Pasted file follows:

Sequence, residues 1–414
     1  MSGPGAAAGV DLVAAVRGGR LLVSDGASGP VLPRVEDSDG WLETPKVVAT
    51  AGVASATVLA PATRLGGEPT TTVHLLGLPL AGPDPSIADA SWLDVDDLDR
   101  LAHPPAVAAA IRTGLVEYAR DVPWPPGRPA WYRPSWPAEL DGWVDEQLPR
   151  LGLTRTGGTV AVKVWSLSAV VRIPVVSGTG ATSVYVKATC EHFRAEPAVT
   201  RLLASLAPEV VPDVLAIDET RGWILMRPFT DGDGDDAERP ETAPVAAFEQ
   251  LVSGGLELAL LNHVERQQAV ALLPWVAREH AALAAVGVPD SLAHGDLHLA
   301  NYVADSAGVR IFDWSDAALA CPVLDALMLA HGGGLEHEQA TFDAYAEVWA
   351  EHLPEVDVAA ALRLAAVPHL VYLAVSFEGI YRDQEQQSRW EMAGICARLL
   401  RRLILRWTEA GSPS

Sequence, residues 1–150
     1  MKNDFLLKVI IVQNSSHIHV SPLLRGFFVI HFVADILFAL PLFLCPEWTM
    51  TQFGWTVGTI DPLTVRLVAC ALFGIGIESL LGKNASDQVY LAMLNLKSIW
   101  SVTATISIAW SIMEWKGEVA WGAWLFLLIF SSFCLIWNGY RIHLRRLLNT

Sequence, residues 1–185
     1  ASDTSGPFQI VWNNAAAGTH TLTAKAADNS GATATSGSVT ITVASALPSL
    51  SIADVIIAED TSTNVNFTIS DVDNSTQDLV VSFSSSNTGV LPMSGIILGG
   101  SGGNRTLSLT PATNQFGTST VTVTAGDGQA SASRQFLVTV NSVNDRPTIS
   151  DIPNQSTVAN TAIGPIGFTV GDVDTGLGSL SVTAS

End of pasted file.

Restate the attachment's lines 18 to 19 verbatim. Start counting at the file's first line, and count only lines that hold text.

   101  SGGNRTLSLT PATNQFGTST VTVTAGDGQA SASRQFLVTV NSVNDRPTIS
   151  DIPNQSTVAN TAIGPIGFTV GDVDTGLGSL SVTAS